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Carbohydrate Polymers 109 (2014) 118125

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Carbohydrate Polymers
journal homepage: www.elsevier.com/locate/carbpol

The improvement of characteristics of biodegradable lms made from

keranwhey protein by nanoparticle incorporation
Mohsen Zol a , Faramarz Khodaiyan a, , Mohammad Mousavi a , Maryam Hashemi b
Department of Food Science, Engineering & Technology, Faculty of Agricultural Engineering and Technology, University of Tehran, P.O. Box 4111,
Karaj 31587-77871, Iran
Department of Microbial Biotechnology & Biosafety, Agricultural Biotechnology Research Institute of Iran (ABRII), Karaj, Iran

a r t i c l e

i n f o

Article history:
Received 29 January 2014
Received in revised form 24 February 2014
Accepted 2 March 2014
Available online 15 March 2014
Whey protein isolate
Biodegradable lm
Food packaging

a b s t r a c t
Biodegradable keranwhey protein isolate (WPI) nanocomposites were produced using montmorillonite (MMT) and nano-TiO2 as nanoparticles in the percentage of 1, 3, and 5% (w/w) by a casting and
solvent-evaporation method. Physical, mechanical, and water-vapor permeability (WVP) properties were
determined as a function of nanoparticle concentration. The results revealed that the effect of these
nanoparticles was different according to their nature and percentage. The lms incorporated with 5%
(w/w) MMT showed the highest tensile strength, Youngs modulus, puncture strength, and the lowest
WVP compared with the control and TiO2 added lms. In contrast to MMT, addition of TiO2 nanoparticles
due to the plasticizing effect led to a signicant change in color and transparency of nanocomposite. Scanning electron microscopy (SEM) observations demonstrated the lms properties in relation to
their microstructures. The surface topography results also showed a considerable increase in roughness
parameters by incorporating the nanoparticles in keranWPI matrix.
2014 Elsevier Ltd. All rights reserved.

1. Introduction
The pollution caused by packaging materials produced from
petroleum derivatives, the problems associated with various methods of decontamination such as burying, burning, and recycling
them (Tharanathan, 2003), and the hazards related to petroleumderived raw materials which are used for packaging have led
many food researchers to discover and produce natural-based
biopolymers that can be used in food packaging (Ghanbarzadeh
& Almasi, 2011; Sorrentino, Gorrasi, & Vittoria, 2007). The abovementioned challenges and concerns are not important in the case of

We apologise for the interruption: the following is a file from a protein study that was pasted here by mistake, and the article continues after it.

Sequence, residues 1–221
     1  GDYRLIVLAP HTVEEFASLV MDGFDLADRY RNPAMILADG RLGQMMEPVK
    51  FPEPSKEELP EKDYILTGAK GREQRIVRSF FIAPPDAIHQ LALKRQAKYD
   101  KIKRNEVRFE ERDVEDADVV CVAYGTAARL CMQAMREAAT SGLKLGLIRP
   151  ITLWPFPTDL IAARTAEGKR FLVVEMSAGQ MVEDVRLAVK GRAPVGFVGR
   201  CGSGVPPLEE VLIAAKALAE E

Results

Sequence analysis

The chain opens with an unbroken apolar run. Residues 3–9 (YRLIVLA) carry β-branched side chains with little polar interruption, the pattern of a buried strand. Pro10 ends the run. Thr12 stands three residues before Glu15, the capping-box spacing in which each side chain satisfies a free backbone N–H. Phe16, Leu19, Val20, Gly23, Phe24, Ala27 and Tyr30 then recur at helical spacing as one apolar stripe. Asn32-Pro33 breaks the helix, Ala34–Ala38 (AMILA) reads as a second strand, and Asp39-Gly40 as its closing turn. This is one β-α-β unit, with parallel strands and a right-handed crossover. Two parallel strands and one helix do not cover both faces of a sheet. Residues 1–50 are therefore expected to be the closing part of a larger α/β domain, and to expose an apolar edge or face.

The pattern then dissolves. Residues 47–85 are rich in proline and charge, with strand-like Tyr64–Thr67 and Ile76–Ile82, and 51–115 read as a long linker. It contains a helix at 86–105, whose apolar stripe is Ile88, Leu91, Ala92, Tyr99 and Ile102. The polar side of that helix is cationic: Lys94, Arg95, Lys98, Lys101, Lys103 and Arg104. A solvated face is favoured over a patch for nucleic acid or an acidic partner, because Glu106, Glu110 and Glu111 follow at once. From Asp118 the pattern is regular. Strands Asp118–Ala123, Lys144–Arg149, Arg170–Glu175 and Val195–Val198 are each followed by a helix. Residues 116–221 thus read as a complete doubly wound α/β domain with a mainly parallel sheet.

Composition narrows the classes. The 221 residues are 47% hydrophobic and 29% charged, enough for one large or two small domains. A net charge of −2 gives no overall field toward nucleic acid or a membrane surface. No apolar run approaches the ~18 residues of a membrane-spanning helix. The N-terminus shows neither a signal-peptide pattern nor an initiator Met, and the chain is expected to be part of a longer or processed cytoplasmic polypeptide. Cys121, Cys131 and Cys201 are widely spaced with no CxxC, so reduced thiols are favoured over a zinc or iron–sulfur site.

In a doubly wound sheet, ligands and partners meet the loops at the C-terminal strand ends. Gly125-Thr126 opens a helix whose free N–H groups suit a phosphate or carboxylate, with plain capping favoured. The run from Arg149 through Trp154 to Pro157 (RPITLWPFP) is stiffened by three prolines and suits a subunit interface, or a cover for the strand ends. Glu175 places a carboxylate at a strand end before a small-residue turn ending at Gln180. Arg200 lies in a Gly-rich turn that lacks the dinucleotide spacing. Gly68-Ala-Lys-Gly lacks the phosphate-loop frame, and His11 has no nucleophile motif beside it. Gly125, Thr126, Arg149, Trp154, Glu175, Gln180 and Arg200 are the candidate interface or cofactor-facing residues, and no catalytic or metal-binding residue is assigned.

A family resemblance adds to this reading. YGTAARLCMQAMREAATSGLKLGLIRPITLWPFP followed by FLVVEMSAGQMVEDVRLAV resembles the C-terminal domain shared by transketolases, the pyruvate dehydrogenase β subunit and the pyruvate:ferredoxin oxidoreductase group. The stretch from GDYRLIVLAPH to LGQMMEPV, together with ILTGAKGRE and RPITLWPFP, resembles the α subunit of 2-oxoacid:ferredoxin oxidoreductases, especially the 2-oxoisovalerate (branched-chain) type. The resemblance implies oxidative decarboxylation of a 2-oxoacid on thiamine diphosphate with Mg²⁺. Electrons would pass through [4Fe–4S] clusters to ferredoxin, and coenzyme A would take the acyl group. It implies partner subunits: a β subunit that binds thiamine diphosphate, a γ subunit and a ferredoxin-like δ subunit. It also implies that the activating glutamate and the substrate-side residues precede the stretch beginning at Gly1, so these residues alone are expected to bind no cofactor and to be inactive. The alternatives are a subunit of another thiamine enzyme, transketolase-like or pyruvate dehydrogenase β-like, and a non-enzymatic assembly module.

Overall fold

biopolymers, because biodegradation can occur in nature. So, the
development of biodegradable materials is an essential need for
different societies, and researches on biodegradable materials with
controlled properties are an interesting subject for a food specialist
(Ghasemlou, Khodaiyan, & Oromiehie, 2011; Gonzalez-Gutierrez,
Partal, Garcia-Morales, & Gallegos, 2010).
Whey protein has received much attention for its potential use
as a biodegradable lm because it has been shown to make transparent lms that can act as excellent oxygen barriers and provide

Corresponding author. Tel.: +98 26 3224 8804; fax: +98 26 3224 9453.
E-mail addresses: pardis.ut@gmail.com (M. Zol), khodaiyan@ut.ac.ir
(F. Khodaiyan).
0144-8617/ 2014 Elsevier Ltd. All rights reserved.

certain mechanical properties (Sothornvit, Rhim, & Hong, 2009).

Although lms produced by whey proteins are good oxygen barriers, they are not an ideal moisture barrier because of the hydrophilic
properties of some amino acids present in their structure (Oss,
Fabregat-Vzquez, Pedroza-Islas, Toms, & Cruz-Orea, 2009).
Keran, an exopolysaccharide produced by microorganisms
present in ker grains, is a heteropolysaccharide containing glucose and galactose that can be obtained from the grains in high
yield when it is produced in deproteinized whey (Ghasemlou,
Khodaiyan, & Oromiehie, 2011; Ghasemlou, Khodaiyan, Oromiehie,
& Yarmand, 2011a, 2011b; Piermaria, Pinotti, Garcia, & Abraham,
2009). In comparison with other polysaccharides, it has outstanding advantages such as antitumor, antifungal, and antibacterial
properties (Cevikbas et al., 1994). In addition, results reported by
some researchers showd that keran can produce edible lms
with appropriate appearance and acceptable mechanical properties (Ghasemlou, Khodaiyan, & Oromiehie, 2011; Ghasemlou et al.,